How very interesting to consider the possibility of traces back to, or influences of, Soutine's homeland. It is, after all, very difficult in life to escape totally from one's roots which, like it or not, do play a large part in formulating the kind of person one becomes. And, we would have imagined, that this would also be very much the case with artists and would expect to find evidence of this in their work.

In the case of Soutine, this is clearly not the case, or only in a very small part.

Your posts continue to delight us for the way in which you bring to the attention of us all, in the most sympathetic of ways, some aspect of the Arts which we might so easily have overlooked.

Joseph said...

The NY Jewish Museum had an exhibition years ago that focused on Soutine's place in French art in the 1920s and 1930s. This was great, but now we should be examining Soutine's place in the Expressionist world. Esp the German-speaking Expressionists like Nolde, Kirchner and Kokoschka.

Hels said...

Jane, Lance and Joseph

a comparison with the German Expressionist artists of the same era would be very useful. Soutine might have been having a difficult and disrupted personal life, but his works shared with the German Expressionists: a focus on feeling, distortion, inspired colours and stylised forms.

was there a catalogue published with the Jewish Museum's Exhibition? I would love to read the essays.

Intelliblog said...

Soutine's work can be such an explosion of colour and the paintings you have chosen certainly seem to show that. I remember once looking at some of Soutine's portraits with an acquaintance and she exclaimed "Did he have an eye disease? They look all mangled!"
Hmmm, well there's art and there's portrait photography, there's expression of the artist's personality and the simple capturing of a "good likeness" to please the sitter...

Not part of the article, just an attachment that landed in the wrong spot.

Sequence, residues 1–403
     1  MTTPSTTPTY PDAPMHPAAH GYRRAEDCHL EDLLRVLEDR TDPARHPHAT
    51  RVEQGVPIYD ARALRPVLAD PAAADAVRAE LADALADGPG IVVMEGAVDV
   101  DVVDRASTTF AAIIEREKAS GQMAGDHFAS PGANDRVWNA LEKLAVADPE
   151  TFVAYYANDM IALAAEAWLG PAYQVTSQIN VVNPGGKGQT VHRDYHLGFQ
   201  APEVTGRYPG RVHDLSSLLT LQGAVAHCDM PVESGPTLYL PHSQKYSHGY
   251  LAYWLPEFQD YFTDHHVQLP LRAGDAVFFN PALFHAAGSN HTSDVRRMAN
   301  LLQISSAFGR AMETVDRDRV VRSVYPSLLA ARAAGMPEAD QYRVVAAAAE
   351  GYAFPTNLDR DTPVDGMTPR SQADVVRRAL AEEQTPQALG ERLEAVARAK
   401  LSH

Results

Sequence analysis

Hels said...

Nicholas, it is not surprising that your colleague responded in that way. Soutine didn't have an eye disease, but he did indeed have a difficult and quite miserable personal life.

Psychiatrists often assume the distorted colours and shapes in Expressionist paintings reflected a distorted personality in Expressionist artists. I don't think the best way to explain Expressionism is through the psychiatric ill health of a whole group of artists. Rather they all laid an emphasis on heightened emotions and the artist's inner vision.

By the way, people always assume that El Greco painted distorted, elongated figures because of an eye disease as well.

edward said...

HI Helen,
I am also an aussie writing on art. I have extensive knowledge on John Constable, just finished many years writing about one of his paintings that I discovered, and now I am doing the same with Soutine, as I have a most brilliant landscape of his.

Thank you for your blog, especially helpful were the towns that Soutine travelled to other than Ceret and Cagnes. Biographers have virtually no paintings from odd places that he may have visited.

I thought I would just write to convey my thanks given that we are from the same place, and that your words of wisdom have been appreciated…

Hels said...


good luck with the writing - I know how much effort it takes, in the pre-publication months (and sometimes years). I would love you to send the publication details to this post, once you have them.